No matter what’s happening at the big-league level, the Padres have collected an overwhelming amount of talent over the last few years. Even though Manuel Margot, Austin Hedges, and Hunter Renfroe all graduated from last year’s top 20, the system right now is arguably just as good, with the emergence of prospects like Fernando Tatis Jr., Eric Lauer, and Michel Baez. Michael Gettys, ranked seventh on our list at the end of last season, didn’t even crack our top 20 this go around, and he’s having a fine season as a 21-year-old in Lake Elsinore (okay, the strikeouts are a concern). And there are a bunch of other intriguing names that also fell short.

Over the last couple of weeks, the What’s Brewing On The Farm crew has been huddled at Padres Public headquarters, trying to sort out this heap of exciting prospects. Our creation is a midsummer’s top 20 for your enjoyment.

20. Luis Campusano, 18, Catcher
AZL Padres: 40 PA, .290/.450/.581, 22.5 BB%, 25.0 K%

Campusano, a bat-first backstop, is the opposite of the other catcher the Padres took early in this year’s draft, Blake Hunt. You could probably take either one, depending on your preference for polished defense vs. bigger offensive potential at catcher. Campusano’s tool set includes plenty of bat speed and over-the-fence power, the kind of raw offensive skills that work at any position. He’s 18, so there’s still plenty of work to do on the offensive side of the ball, but the main question with Campusano might be how the work behind the dish progresses.

Eric Longenhagen had a mostly negative report on his defense from a late-June viewing, but it’s early. On the plus side, it’s possible his bat makes him an interesting prospect even at first base or in an outfield corner, but obviously that kind of switch would put a dent into his prospect status. For now, cross your fingers and hope the Padres can develop Campusano into a good catcher. Remember, Yasmani Grandal was once viewed as a bat-first catcher too. (Sac Bunt Dustin)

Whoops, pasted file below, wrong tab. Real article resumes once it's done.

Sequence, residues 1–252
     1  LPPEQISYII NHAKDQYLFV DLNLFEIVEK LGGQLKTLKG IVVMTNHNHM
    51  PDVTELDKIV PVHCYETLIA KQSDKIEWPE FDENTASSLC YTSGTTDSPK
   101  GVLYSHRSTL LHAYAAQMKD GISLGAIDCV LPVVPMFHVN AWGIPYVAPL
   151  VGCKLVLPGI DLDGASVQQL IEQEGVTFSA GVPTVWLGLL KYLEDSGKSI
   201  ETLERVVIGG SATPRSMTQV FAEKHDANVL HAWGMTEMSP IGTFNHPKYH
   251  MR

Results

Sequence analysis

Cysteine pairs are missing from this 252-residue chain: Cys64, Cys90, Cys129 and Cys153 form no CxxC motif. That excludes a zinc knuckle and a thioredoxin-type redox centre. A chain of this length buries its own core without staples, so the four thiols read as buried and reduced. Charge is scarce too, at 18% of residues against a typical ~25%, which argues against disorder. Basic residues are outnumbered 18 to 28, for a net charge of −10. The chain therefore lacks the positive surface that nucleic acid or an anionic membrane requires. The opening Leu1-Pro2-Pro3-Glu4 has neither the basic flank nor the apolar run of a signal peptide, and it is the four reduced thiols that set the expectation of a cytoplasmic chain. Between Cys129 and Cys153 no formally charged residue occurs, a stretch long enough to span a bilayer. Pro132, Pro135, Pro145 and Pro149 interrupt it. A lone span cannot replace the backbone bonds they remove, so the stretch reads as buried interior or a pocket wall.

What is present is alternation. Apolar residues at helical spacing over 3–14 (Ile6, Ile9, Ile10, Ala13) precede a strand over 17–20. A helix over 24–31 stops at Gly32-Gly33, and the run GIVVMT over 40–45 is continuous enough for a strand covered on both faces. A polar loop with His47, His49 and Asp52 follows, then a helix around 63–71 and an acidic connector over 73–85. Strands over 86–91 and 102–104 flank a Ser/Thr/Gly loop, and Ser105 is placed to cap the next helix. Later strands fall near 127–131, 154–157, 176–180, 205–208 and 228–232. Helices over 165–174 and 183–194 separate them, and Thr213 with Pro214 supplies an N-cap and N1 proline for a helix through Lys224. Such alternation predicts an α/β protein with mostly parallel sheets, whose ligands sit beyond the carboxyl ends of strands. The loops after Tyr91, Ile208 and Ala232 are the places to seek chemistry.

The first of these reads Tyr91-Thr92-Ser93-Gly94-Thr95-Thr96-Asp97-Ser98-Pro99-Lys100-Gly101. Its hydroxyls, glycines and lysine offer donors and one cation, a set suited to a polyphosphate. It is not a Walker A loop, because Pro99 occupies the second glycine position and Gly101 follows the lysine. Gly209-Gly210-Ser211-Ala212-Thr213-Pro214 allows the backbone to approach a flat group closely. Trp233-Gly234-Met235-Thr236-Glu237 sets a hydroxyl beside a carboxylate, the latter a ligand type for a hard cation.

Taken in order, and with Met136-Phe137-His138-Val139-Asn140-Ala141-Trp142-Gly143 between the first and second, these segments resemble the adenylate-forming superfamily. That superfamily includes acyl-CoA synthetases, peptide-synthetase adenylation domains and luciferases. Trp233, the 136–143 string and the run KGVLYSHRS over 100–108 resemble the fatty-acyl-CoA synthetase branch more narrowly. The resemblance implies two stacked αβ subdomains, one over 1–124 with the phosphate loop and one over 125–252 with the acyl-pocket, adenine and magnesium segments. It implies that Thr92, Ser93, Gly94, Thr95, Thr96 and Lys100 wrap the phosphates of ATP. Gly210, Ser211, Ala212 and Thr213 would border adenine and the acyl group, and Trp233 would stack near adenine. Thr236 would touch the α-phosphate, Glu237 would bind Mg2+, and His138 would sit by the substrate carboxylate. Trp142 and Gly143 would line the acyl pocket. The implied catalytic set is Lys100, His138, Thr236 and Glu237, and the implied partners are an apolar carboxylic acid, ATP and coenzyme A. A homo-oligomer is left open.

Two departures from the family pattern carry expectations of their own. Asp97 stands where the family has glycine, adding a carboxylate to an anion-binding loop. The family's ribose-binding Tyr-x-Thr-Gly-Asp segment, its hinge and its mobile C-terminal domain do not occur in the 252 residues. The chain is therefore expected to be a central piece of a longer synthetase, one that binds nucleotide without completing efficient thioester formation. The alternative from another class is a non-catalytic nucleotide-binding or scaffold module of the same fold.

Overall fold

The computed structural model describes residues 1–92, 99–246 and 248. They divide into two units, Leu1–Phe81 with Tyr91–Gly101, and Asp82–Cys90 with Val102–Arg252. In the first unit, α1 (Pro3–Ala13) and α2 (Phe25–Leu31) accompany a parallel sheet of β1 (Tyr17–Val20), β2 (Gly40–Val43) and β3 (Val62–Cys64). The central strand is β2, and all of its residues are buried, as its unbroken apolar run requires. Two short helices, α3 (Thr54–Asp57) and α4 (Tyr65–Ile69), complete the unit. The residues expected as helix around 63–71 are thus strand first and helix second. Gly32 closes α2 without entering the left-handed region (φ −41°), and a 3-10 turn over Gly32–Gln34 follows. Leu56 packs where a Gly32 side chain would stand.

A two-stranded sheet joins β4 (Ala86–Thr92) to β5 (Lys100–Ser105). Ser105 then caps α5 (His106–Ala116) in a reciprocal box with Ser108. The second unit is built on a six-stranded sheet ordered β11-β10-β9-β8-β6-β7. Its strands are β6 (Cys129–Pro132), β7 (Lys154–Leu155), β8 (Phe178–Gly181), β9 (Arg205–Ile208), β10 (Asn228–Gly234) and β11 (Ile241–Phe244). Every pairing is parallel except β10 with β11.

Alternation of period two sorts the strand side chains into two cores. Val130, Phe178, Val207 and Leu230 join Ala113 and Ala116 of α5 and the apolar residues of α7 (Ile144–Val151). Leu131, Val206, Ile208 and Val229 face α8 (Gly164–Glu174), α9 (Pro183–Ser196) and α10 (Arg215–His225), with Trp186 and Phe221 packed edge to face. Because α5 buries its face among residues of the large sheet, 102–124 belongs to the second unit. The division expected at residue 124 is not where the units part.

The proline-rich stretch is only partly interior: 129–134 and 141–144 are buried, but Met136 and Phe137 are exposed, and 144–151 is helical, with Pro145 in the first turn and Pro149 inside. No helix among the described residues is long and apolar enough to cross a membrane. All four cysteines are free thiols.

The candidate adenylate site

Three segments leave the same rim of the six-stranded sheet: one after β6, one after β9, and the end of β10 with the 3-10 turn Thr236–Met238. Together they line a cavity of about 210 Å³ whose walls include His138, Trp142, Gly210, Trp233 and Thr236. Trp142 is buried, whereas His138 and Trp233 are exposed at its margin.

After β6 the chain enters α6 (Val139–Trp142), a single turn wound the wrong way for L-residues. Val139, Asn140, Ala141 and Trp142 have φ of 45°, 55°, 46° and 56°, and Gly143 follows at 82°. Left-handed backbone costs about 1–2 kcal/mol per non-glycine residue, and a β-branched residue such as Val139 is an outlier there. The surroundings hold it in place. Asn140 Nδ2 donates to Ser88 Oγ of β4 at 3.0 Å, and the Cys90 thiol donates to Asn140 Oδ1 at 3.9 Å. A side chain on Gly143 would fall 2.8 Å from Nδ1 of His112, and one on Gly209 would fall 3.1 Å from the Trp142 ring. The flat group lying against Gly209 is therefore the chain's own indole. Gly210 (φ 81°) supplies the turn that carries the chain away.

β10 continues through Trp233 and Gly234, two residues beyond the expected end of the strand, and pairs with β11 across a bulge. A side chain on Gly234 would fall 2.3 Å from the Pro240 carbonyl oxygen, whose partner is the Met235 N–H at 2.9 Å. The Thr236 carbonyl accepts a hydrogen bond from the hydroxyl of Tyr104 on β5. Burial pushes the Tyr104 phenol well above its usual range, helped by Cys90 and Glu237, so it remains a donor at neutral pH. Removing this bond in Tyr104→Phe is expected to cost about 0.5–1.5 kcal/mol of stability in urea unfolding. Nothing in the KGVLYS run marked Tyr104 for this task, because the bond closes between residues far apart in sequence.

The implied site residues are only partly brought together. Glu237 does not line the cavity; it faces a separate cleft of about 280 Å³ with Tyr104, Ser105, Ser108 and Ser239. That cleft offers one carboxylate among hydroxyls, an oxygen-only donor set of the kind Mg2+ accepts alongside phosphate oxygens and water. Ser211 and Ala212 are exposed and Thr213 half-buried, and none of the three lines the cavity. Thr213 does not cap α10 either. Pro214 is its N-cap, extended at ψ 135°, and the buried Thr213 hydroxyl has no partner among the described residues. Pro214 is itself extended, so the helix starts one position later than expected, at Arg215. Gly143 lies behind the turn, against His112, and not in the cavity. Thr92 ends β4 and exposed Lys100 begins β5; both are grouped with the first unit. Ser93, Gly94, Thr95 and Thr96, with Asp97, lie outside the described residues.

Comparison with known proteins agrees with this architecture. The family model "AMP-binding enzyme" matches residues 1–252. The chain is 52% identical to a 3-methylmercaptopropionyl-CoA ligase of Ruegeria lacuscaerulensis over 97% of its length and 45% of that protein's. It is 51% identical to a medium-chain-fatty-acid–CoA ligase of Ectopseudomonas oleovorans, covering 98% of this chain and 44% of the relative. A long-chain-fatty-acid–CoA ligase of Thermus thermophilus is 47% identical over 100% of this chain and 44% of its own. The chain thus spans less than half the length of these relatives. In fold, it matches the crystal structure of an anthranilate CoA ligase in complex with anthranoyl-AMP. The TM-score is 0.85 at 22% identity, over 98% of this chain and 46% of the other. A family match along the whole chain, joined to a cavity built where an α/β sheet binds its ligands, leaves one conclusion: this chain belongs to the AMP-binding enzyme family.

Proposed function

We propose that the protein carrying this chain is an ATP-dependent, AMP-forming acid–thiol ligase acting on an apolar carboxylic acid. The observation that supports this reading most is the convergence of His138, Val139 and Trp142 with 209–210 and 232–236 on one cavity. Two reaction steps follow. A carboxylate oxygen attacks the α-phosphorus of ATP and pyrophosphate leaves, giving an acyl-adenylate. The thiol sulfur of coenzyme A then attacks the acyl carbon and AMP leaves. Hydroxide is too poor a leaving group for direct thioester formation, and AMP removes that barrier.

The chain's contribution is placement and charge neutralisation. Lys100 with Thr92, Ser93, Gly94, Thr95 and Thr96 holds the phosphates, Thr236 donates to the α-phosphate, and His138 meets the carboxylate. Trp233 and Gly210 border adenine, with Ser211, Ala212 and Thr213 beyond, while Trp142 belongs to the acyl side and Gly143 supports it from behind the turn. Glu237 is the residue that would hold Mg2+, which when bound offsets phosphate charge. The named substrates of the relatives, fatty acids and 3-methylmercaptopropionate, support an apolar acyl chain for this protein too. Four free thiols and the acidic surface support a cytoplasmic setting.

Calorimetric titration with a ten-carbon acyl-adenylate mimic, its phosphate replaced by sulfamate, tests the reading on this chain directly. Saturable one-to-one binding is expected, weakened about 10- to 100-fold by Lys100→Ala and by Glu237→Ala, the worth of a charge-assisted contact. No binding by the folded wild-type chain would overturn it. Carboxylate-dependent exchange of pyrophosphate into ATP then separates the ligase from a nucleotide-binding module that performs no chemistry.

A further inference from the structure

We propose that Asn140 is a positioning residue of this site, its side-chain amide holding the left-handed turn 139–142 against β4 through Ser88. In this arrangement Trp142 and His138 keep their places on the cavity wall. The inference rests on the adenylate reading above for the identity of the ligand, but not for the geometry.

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Padres acquire: RHP Enyel De Los Santos and INF Nelson Ward from Mariners
Padres trade: RHP Joaquin Benoit to Mariners

Benoit’s been both consistent and effective since returning from shoulder surgery in 2010, but he turned 38 in July, he’s a reliever, and his peripherals dipped in 2015. He’s also owed $7.5 million in 2016, all of which combined to make him an ideal trade candidate for a Padres team treading the water between rebuilding and retooling. Despite Benoit’s track-record as a shutdown setup man, he didn’t bring a ton back from Seattle—he’s a 38-year-old relief pitcher with declining peripherals, after all.

De Los Santos is about what you’d expect from a not quite 20-year-old pitching prospect: He throws reasonably hard from a solid frame, and his career could go in any number of a hundred different directions. He’s certainly the type of prospect you don’t mind acquiring, but he’s also one you pencil into a future role only if you have an eraser handy.

Ward’s spent time at both second base and shortstop since entering pro ball in 2014, and he hit .278/.365/.436 last year—a line inflated by 337 plate appearances in the hitter-friendly Cal League. He fits the versatile backup infielder mold if the remaining development goes as planned.

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